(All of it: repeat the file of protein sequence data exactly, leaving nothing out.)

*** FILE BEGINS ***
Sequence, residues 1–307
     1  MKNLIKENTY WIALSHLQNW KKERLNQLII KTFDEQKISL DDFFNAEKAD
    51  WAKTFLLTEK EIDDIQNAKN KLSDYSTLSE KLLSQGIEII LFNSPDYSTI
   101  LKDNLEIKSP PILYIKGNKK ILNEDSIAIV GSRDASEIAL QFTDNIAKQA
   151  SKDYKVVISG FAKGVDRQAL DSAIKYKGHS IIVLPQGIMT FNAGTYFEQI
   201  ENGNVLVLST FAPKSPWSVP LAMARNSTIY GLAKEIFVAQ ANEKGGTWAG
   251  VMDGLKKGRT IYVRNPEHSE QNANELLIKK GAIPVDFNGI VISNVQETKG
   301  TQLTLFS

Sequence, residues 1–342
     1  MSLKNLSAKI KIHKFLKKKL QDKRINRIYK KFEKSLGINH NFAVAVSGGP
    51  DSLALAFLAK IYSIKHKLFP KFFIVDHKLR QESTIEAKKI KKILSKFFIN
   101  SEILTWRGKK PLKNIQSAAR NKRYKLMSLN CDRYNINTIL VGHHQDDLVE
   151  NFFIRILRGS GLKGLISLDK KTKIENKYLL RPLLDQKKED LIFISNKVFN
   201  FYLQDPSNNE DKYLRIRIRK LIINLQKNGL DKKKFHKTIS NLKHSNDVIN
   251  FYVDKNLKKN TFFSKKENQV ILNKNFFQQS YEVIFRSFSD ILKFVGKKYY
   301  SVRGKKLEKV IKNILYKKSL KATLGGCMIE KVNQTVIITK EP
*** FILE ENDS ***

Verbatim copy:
Sequence, residues 1–307
     1  MKNLIKENTY WIALSHLQNW KKERLNQLII KTFDEQKISL DDFFNAEKAD
    51  WAKTFLLTEK EIDDIQNAKN KLSDYSTLSE KLLSQGIEII LFNSPDYSTI
   101  LKDNLEIKSP PILYIKGNKK ILNEDSIAIV GSRDASEIAL QFTDNIAKQA
   151  SKDYKVVISG FAKGVDRQAL DSAIKYKGHS IIVLPQGIMT FNAGTYFEQI
   201  ENGNVLVLST FAPKSPWSVP LAMARNSTIY GLAKEIFVAQ ANEKGGTWAG
   251  VMDGLKKGRT IYVRNPEHSE QNANELLIKK GAIPVDFNGI VISNVQETKG
   301  TQLTLFS

Sequence, residues 1–342
     1  MSLKNLSAKI KIHKFLKKKL QDKRINRIYK KFEKSLGINH NFAVAVSGGP
    51  DSLALAFLAK IYSIKHKLFP KFFIVDHKLR QESTIEAKKI KKILSKFFIN
   101  SEILTWRGKK PLKNIQSAAR NKRYKLMSLN CDRYNINTIL VGHHQDDLVE
   151  NFFIRILRGS GLKGLISLDK KTKIENKYLL RPLLDQKKED LIFISNKVFN
   201  FYLQDPSNNE DKYLRIRIRK LIINLQKNGL DKKKFHKTIS NLKHSNDVIN
   251  FYVDKNLKKN TFFSKKENQV ILNKNFFQQS YEVIFRSFSD ILKFVGKKYY
   301  SVRGKKLEKV IKNILYKKSL KATLGGCMIE KVNQTVIITK EP